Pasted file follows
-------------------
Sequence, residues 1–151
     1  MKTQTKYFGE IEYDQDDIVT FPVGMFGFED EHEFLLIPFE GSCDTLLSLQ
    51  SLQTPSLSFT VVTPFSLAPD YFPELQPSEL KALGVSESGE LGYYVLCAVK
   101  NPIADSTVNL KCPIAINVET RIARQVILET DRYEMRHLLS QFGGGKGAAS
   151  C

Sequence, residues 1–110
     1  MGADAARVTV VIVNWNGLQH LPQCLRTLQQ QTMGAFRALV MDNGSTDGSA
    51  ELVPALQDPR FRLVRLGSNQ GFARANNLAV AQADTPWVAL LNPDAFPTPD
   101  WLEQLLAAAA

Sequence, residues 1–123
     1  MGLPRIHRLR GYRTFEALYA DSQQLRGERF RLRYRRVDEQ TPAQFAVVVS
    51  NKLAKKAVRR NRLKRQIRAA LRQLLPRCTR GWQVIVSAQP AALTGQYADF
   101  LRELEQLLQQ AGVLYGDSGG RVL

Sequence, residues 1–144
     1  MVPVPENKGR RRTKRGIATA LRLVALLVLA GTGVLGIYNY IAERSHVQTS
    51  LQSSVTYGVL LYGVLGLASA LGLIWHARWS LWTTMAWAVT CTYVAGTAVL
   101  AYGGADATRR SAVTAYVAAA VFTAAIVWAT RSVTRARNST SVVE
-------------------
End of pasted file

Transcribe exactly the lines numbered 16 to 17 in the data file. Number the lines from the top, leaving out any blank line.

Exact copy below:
    51  LQSSVTYGVL LYGVLGLASA LGLIWHARWS LWTTMAWAVT CTYVAGTAVL
   101  AYGGADATRR SAVTAYVAAA VFTAAIVWAT RSVTRARNST SVVE